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Friday, September 18, 2020  Spokane, Washington  Est. May 19, 1883
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In the Garden: Multiple ways to preserve the harvest to enjoy later

When your garden bounty exceeds your ability to eat it all on the spot, preserve it to enjoy during the fall and winter.  (Susan Mulvihill/For The Spokesman-Review)
When your garden bounty exceeds your ability to eat it all on the spot, preserve it to enjoy during the fall and winter. (Susan Mulvihill/For The Spokesman-Review)
By Susan Mulvihill For The Spokesman-Review

As we near the end of the growing season, this is a time of great abundance. If you have more produce than you can consume, there are plenty of ways to preserve it so you can savor it later.

To help you choose the best method, here is a quick overview of the many options available.

Remember to preserve produce safely by using reliable recipes and closely following each step.

The information box contains two excellent resources to guide you through the specifics of each process.

Store it: This is the easiest method and applies to onions, shallots, garlic, winter squash and pumpkins. Place onions, shallots or garlic on a tarp in a sheltered, dry area until the stalks are completely dry. Store them in a dark, cool area such as a basement.

The skins of winter squash and pumpkins should be tough before you cut them off the vines. Leave 2 inches of stem attached to each and move them to a bright area that is protected from the weather for two weeks. This hardens them off so they’ll keep in storage for a long time in a basement or dark closet.

Refrigerate it: You don’t need special equipment to make refrigerator pickles. Find a recipe that suits you, keep the pickles in the fridge and use them up within the time frame listed on the recipe.

Freeze it: I use a few methods for freezing produce. The first involves placing whole berries or tomatoes on a cookie sheet, letting them freeze until they’re solid and putting them in a freezer bag. I also chop onions, celery, spinach or Swiss chard leaves and freeze them to add to soups and stews later.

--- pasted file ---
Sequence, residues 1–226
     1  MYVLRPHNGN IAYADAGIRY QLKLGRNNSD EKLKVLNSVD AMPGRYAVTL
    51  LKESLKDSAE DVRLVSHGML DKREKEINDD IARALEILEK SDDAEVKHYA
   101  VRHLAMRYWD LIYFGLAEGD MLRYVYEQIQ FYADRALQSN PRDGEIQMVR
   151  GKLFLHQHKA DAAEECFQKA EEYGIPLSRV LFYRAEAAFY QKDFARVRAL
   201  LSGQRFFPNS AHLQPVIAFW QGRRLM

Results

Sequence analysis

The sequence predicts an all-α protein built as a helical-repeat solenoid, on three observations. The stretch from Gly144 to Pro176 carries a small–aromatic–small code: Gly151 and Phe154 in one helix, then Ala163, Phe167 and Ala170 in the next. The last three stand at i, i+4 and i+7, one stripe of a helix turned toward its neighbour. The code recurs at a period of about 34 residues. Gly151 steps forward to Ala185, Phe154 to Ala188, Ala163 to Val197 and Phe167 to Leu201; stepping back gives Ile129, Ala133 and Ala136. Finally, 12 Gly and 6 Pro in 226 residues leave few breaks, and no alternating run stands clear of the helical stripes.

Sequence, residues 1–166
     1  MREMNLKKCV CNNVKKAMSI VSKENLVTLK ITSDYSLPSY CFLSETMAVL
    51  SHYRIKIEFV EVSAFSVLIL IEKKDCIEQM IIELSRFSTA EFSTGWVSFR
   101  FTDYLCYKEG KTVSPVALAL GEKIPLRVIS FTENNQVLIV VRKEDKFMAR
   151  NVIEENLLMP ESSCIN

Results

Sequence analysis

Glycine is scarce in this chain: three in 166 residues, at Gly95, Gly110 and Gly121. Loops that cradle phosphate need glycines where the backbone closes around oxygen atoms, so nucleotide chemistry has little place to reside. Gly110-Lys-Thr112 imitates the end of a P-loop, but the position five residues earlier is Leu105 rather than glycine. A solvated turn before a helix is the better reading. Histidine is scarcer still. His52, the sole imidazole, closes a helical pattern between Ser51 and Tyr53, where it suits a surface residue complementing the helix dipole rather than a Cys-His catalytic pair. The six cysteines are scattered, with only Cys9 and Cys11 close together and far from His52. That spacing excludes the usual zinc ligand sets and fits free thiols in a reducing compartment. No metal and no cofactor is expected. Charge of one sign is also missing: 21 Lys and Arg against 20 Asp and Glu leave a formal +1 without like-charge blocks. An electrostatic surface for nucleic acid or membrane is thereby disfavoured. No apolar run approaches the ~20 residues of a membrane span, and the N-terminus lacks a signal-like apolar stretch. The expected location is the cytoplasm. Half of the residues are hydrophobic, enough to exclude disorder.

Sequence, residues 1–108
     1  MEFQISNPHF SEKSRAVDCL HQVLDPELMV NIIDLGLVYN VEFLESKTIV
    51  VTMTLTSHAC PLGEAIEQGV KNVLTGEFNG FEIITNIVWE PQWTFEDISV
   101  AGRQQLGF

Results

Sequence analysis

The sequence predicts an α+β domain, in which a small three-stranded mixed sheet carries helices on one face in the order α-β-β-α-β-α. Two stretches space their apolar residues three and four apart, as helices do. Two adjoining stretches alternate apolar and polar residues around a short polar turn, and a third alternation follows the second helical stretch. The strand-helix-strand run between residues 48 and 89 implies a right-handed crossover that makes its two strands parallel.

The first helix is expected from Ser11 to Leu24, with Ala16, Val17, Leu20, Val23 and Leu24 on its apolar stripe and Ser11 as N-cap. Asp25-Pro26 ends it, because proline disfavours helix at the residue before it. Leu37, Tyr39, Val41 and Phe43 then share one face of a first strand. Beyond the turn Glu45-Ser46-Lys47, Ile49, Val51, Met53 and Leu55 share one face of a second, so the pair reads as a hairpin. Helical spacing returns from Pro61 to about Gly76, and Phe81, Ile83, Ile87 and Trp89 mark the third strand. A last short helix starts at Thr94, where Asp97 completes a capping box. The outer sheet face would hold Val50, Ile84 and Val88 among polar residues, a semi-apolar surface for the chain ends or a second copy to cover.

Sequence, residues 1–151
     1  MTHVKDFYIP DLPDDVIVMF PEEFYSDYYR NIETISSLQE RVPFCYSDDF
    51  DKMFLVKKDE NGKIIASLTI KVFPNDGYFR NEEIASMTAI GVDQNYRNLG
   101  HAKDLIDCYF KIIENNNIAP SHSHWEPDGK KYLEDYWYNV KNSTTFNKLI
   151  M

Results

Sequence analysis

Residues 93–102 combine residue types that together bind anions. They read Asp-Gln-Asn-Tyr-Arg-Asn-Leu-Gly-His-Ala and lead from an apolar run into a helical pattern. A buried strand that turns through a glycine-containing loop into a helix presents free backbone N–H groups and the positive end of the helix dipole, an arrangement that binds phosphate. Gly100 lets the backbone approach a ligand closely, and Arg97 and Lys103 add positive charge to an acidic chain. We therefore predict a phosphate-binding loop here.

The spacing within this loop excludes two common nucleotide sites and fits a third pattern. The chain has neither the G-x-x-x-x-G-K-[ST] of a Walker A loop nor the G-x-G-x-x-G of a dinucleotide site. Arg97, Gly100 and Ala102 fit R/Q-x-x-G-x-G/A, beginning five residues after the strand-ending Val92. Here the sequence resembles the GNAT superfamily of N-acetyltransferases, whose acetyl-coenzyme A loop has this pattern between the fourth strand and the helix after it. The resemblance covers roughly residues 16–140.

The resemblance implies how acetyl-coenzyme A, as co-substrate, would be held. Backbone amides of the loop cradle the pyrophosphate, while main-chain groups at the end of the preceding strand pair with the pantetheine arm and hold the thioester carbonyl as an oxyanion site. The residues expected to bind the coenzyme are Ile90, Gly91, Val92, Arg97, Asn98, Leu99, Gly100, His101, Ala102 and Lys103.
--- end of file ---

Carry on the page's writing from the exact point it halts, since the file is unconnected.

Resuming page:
For all other vegetables, I use the blanching method before freezing them. This involves bringing a large kettle of water to a boil, adding vegetables such as beans or broccoli for a few minutes, draining them and cooling them in a sink of ice-cold water. Drain them again, dry them off and place in freezer bags. The first website in the information box contains a chart listing how long to boil types of vegetables.

Can it: Because fruits and pickled foods are acidic, you can follow the water-bath canning method to preserve them. You must use canning jars and two-piece canning lids for this process. Look for a specialized kettle with a wire rack in the bottom. Follow canning recipes to the letter.

Pressure-can it: Vegetables, meats and fish are low in acid, so they must be pressure-canned. Otherwise, you risk exposing yourself and your family to the deadly botulism toxin. Pressure canners are similar to pressure cookers but more precise. You also will need canning jars and lids for pressure-canning.

Dry it: This method allows you to dehydrate fruits, vegetables and herbs; dry sunflower and pumpkin seeds; and make fruit leathers. It requires drying them for several hours at a steady temperature of about 140 degrees. Commercial food dehydrators are your best option since most ovens don’t go that low.

If you’re short on time, consider donating your excess produce to a local food pantry so others also can enjoy the fruits of your labor.

Learn more about preservation techniques in this week’s video on youtube.com/susansinthegarden.

Susan Mulvihill is author of “The Vegetable Garden Pest Handbook.” She can be reached at susan@susansinthegarden.com.

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